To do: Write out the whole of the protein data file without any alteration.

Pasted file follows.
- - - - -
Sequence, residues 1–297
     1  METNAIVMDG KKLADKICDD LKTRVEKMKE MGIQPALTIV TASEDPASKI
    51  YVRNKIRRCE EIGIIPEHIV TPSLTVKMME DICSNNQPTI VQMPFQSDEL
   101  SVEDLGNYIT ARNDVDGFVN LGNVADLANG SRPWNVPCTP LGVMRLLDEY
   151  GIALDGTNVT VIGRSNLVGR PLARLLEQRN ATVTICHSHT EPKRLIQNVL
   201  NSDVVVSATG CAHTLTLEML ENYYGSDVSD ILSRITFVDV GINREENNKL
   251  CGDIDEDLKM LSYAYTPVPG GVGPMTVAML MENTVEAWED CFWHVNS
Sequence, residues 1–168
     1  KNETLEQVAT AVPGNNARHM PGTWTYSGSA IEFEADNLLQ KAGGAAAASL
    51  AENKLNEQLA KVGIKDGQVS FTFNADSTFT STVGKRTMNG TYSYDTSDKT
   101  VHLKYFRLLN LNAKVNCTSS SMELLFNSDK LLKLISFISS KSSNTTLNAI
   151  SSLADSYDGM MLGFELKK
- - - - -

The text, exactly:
Sequence, residues 1–297
     1  METNAIVMDG KKLADKICDD LKTRVEKMKE MGIQPALTIV TASEDPASKI
    51  YVRNKIRRCE EIGIIPEHIV TPSLTVKMME DICSNNQPTI VQMPFQSDEL
   101  SVEDLGNYIT ARNDVDGFVN LGNVADLANG SRPWNVPCTP LGVMRLLDEY
   151  GIALDGTNVT VIGRSNLVGR PLARLLEQRN ATVTICHSHT EPKRLIQNVL
   201  NSDVVVSATG CAHTLTLEML ENYYGSDVSD ILSRITFVDV GINREENNKL
   251  CGDIDEDLKM LSYAYTPVPG GVGPMTVAML MENTVEAWED CFWHVNS
Sequence, residues 1–168
     1  KNETLEQVAT AVPGNNARHM PGTWTYSGSA IEFEADNLLQ KAGGAAAASL
    51  AENKLNEQLA KVGIKDGQVS FTFNADSTFT STVGKRTMNG TYSYDTSDKT
   101  VHLKYFRLLN LNAKVNCTSS SMELLFNSDK LLKLISFISS KSSNTTLNAI
   151  SSLADSYDGM MLGFELKK